Corrente

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Oil FAIL: Puff, the magic microbes...

Samantha Joye, still causing trouble:

"Magic microbes consumed maybe 10 percent of the total discharge, the rest of it we don't know," [marine scientist Samantha Joye of the University of Georgia] said, later adding: "there's a lot of it out there."

Move along, people, move along! There's no story here...

Comments

Submitted by jawbone on

From the link:

In five different expeditions, the last one in December, Joye and colleagues took 250 cores of the sea floor and travelled across 2,600 square miles. Some of the locations she had been studying before the oil spill on April 20 and said there was a noticeable change. Much of the oil she found on the sea floor — and in the water column — was chemically fingerprinted, proving it comes from the BP spill. Joye is still waiting for results to show other oil samples she tested are from BP's Macondo well.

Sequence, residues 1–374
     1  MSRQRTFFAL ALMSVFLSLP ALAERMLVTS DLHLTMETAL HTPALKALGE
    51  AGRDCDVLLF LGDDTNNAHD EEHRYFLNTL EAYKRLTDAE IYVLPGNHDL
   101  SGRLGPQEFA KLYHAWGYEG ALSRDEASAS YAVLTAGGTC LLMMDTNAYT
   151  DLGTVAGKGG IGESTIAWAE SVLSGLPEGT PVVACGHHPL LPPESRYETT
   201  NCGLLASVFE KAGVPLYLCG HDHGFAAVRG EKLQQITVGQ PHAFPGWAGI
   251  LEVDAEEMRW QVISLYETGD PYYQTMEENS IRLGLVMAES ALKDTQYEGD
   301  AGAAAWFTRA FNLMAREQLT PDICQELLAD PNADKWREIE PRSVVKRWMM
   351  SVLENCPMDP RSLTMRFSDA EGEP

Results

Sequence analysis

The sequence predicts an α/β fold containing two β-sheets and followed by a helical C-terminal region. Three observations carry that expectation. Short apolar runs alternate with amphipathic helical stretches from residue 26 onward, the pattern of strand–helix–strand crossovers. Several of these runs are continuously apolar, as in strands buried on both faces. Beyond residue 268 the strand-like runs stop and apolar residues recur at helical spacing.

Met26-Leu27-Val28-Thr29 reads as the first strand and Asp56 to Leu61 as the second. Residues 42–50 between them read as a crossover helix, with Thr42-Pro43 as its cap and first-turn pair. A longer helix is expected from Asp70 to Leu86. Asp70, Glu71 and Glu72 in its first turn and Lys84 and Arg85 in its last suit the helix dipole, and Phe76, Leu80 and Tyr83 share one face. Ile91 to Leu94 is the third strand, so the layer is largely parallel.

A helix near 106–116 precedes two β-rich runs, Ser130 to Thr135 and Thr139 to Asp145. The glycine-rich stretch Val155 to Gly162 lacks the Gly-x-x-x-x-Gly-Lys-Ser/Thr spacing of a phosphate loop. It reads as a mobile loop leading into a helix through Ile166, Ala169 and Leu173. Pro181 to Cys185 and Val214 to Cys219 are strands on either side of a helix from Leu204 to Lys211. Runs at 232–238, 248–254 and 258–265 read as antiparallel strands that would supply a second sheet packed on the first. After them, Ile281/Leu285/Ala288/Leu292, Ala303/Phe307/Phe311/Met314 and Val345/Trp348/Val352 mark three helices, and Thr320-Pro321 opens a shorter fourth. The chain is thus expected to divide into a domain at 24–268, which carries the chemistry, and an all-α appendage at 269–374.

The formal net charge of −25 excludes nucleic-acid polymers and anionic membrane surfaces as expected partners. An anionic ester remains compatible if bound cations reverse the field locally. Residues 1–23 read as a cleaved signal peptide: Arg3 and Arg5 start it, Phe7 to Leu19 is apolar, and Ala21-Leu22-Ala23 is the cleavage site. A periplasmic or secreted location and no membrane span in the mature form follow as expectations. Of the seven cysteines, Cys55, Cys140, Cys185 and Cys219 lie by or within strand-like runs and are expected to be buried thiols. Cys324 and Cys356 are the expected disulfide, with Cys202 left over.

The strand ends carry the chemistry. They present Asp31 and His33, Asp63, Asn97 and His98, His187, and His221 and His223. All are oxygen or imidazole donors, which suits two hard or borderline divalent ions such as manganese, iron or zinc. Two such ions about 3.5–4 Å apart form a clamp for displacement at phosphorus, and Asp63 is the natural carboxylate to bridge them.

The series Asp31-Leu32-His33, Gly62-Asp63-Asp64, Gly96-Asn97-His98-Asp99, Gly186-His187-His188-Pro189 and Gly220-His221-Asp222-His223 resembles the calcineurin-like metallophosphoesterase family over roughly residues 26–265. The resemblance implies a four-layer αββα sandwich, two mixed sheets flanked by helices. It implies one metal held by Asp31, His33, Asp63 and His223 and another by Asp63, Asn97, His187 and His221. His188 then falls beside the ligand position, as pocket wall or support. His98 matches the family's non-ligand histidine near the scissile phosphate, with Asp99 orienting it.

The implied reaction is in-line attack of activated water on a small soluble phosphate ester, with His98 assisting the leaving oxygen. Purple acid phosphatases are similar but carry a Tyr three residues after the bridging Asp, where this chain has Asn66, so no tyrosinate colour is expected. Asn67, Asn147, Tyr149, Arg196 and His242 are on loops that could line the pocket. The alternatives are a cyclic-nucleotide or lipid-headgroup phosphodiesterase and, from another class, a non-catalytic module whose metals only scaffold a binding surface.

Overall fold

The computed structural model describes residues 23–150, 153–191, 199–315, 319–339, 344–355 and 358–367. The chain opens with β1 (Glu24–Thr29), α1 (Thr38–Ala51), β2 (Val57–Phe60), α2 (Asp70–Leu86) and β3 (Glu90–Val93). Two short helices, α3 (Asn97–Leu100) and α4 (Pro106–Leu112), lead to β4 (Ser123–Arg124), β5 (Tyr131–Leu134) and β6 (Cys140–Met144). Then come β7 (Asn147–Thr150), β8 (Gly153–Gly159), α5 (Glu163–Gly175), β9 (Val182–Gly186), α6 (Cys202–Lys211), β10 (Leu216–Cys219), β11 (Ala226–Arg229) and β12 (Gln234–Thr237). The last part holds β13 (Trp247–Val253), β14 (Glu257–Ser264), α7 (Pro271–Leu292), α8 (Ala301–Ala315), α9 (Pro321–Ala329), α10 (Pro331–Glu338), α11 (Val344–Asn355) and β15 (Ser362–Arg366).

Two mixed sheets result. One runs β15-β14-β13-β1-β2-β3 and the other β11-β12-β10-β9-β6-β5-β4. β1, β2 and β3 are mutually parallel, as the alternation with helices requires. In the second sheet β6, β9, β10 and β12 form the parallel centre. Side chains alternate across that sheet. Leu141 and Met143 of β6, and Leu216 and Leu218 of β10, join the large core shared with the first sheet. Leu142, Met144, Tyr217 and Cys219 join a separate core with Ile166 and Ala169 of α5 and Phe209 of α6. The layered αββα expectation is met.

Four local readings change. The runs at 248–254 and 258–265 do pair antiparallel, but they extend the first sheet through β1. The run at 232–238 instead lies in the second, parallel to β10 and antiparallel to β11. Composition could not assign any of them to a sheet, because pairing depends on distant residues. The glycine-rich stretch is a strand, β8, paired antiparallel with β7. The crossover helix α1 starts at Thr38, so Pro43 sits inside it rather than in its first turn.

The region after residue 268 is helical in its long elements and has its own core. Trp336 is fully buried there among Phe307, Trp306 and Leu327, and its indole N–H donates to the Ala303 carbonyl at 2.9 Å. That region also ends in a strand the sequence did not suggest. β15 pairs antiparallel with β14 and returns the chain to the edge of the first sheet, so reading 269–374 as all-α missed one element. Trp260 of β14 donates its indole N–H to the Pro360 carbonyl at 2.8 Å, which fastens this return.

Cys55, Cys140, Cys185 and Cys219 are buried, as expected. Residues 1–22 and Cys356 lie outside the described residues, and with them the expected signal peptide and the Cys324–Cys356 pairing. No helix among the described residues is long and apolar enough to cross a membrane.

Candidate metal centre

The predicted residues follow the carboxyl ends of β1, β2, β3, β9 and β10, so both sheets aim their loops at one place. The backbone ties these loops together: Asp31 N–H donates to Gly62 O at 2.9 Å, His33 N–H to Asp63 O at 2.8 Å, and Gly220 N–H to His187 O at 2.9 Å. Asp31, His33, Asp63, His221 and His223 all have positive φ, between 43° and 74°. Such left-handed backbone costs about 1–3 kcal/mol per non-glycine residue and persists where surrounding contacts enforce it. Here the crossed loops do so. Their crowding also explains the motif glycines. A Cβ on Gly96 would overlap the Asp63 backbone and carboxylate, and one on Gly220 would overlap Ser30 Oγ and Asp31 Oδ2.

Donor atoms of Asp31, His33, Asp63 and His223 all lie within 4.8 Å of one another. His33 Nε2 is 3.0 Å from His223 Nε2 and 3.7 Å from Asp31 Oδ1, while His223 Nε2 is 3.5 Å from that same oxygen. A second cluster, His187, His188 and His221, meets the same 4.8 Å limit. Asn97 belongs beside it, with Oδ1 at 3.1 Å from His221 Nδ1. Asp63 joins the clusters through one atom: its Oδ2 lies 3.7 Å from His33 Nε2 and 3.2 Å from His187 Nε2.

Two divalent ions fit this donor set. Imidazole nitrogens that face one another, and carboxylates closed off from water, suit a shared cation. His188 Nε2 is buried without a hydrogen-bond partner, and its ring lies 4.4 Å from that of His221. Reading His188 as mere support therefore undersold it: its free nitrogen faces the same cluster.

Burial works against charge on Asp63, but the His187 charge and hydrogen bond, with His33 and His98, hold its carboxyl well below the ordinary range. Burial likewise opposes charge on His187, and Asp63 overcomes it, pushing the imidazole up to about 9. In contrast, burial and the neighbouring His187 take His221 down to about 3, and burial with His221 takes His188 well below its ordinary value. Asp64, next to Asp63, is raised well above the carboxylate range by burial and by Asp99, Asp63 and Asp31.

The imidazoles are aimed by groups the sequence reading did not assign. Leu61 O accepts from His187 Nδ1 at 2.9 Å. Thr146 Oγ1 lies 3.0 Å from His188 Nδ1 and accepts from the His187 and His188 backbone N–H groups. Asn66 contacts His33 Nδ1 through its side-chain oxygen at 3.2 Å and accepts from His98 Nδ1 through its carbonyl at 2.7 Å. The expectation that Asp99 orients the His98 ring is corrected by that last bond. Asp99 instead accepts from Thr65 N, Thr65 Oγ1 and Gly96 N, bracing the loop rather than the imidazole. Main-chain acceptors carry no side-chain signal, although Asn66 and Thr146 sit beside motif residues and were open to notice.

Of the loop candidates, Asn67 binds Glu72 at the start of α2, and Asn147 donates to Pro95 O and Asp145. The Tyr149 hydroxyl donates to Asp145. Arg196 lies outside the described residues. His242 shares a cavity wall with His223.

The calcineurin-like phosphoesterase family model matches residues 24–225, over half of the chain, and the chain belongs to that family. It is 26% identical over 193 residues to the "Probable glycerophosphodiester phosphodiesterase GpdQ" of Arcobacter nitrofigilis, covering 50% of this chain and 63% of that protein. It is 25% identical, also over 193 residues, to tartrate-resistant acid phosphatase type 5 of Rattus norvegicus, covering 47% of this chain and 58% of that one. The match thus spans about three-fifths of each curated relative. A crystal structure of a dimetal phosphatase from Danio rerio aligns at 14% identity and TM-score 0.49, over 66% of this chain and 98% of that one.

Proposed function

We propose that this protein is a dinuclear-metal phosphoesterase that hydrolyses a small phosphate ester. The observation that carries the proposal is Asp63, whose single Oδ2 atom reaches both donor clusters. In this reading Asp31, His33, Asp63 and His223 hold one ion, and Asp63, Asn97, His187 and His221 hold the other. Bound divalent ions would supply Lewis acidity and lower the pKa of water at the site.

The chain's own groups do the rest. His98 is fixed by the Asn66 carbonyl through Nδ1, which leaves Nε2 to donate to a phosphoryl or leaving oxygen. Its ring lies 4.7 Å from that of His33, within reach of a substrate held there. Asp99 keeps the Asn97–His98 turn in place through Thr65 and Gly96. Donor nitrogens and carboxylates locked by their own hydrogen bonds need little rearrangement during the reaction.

She also showed pictures of oil-choked bottom-dwelling creatures. They included dead crabs and brittle stars — starfish like critters that are normally bright orange and tightly wrapped around coral. These brittle stars were pale, loose and dead. She also saw tube worms so full of oil they suffocated.

"This is Macondo oil on the bottom," Joye said as she showed slides. "This is dead organisms because of oil being deposited on their heads."

Joye said her research shows that the burning of oil left soot on the sea floor, which still had petroleum products. And even more troublesome was the tremendous amount of methane from the BP well that mixed into the Gulf and was mostly ignored by other researchers. (My emphasis)

Submitted by hipparchia on

i am sooooo going to steal this one; it's priceless.

we do actually have indigenous oil-eating microbes in the gulf, because we have some [apparently naturally-occuring] oil seeps, but expecting them to be able to "clean up" a catastrophic spill is ludicrous.

Submitted by lambert on

They might evolve. Hudson River fish evolved PCB resistance. In 50 years.